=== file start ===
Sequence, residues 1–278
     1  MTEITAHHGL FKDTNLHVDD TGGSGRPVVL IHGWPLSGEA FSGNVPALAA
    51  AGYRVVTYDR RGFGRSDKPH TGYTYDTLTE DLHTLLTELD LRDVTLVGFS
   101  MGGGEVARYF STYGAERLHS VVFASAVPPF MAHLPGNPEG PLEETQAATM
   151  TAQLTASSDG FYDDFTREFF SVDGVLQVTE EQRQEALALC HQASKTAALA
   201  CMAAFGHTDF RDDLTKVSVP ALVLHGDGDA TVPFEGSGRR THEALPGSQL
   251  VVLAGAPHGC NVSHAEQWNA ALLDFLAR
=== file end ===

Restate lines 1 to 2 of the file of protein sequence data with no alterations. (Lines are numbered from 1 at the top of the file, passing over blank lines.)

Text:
Sequence, residues 1–278
     1  MTEITAHHGL FKDTNLHVDD TGGSGRPVVL IHGWPLSGEA FSGNVPALAA